8. Spanish Blood (instrumental)


March 1968 – My Laura Nyro Oversight

Laura Nyro – Eli and the Thirteenth Confession

I begin today’s post with a somewhat glaring omission from earlier this month, March 3rd to be exact, as that was the 50th anniversary of the release of Laura Nyro’s Eli and the Thirteenth Confession.  In a way, my exclusion is symbolic of Nyro’s career.  She was my answer I couldn’t think of recently to a music forum thread question (“Name an album you bought blindly without having ever listened to the artist”).  This album is not only on lists of important releases from 1968, but it’s in my collection and my wife and I enjoy listening to it, yet I still forgot to honor it on the correct day.  Self-flogging complete.

Laura Nyro

If you aren’t familiar with Nyro or this album, it’s understandable.  I wasn’t either until a couple of years ago, and it was only due to reading about her in posts by zealous fans of hers on the Steve Hoffman Music Forums that I gave her a listen and learned a bit about her.  The music doesn’t fit a particular niche, as it combines pop, jazz, rock, and soul.  I think of Nyro as a songwriter’s songwriter:  Her songs were covered by the likes of Blood, Sweat & Tears, The 5th DimensionThree Dog Night, and Barbara Streisand, and she influenced many other songwriters including Carole King, Joni Mitchell, Jackson Browne, and Todd Rundgren.

So, why is Laura Nyro not more widely known and appreciated?  Perhaps a reader could enlighten me more, but it seems she didn’t pursue the limelight as hard as her contemporaries.  Though she performed live, Nyro avoided TV appearances.  Also, keep in mind we’re hurtling toward the period when Carole King (a very successful songwriter since the early 1960’s), Joni Mitchell, and Carly Simon would become the glamour girls of the singer/songwriter genre.  And sadly, as is the case with many of the artists I’m writing about, she died young.  Nyro passed away in 1997 at the age of 49 from ovarian cancer, the same age her mother died and from the same disease.  She was posthumously inducted into the Rock and Roll Hall of Fame in 2012.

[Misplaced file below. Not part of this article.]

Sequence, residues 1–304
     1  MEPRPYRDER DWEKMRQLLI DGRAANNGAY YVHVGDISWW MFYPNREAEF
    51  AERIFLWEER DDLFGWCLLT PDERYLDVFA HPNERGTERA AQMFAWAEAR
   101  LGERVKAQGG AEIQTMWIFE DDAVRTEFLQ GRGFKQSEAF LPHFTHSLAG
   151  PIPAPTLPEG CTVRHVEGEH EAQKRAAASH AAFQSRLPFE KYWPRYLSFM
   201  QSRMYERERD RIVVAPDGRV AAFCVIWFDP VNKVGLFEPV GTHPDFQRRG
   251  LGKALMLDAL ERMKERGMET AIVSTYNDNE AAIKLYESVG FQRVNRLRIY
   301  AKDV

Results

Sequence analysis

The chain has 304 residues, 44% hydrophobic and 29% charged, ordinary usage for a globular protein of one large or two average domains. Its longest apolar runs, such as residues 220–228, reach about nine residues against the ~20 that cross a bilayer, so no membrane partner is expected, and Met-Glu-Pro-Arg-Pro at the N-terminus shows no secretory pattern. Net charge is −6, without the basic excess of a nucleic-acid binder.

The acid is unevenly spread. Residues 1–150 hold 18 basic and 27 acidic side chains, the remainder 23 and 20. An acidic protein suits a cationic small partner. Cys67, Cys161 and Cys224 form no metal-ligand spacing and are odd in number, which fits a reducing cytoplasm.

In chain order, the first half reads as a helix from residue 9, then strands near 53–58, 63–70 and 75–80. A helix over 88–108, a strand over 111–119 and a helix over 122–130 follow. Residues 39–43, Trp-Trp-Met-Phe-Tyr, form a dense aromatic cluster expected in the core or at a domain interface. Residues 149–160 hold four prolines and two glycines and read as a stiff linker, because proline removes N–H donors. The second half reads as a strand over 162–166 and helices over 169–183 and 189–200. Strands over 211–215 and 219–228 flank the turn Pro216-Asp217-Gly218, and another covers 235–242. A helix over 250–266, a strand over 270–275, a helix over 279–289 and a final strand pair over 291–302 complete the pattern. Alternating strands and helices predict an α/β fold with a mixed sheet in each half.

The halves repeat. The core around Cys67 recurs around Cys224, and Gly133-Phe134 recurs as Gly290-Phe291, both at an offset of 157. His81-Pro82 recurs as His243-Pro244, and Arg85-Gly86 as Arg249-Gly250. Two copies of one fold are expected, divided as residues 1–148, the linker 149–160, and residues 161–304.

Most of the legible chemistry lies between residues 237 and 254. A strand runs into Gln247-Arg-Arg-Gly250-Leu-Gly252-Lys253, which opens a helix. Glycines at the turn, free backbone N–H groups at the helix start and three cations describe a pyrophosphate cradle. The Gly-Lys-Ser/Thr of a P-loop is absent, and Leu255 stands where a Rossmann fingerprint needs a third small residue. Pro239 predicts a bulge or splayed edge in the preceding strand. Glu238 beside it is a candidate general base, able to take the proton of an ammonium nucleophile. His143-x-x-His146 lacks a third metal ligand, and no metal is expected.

And her version of Wedding Bell Blues, which she wrote at the age of 18, from her 1967 debut album:


Side One:

  1. Luckie
  2. Lu
  3. Sweet Blindness
  4. Poverty Train
  5. Lonely Women
  6. Eli’s Comin’

Side Two:

  1. Timer
  2. Stoned Soul Picnic
  3. Emmie
  4. Woman’s Blues
  5. Once It Was Alright Now (Farmer Joe)
  6. December’s Boudoir
  7. The Confession



March 28 – Marvin & Tammi’s First #1

Marvin Gaye & Tammi Terrell – Single:  Ain’t Nothing Like the Real Thing

On this day in 1968, Marvin Gaye and Tammi Terrell released the single, Ain’t Nothing Like the Real Thing, on Tamla Records.  It was the first single from their second album, You’re All I Need, and was written and produced by collaborators Ashford and Simpson.  The song reached #8 on the Billboard Hot 100, and #1 on the R&B chart, the duo’s first of two #1’s.


This is another one of those near-perfect tracks that I’ve never tired of over the years.  It’s joyousness belies Terrell’s poor health which she sadly succumbed to just two years later, as well as some dark days ahead for Gaye.  Many other artists covered the tune in later years, but as the title of the song says…

Side A:  Ain’t Nothing Like the Real Thing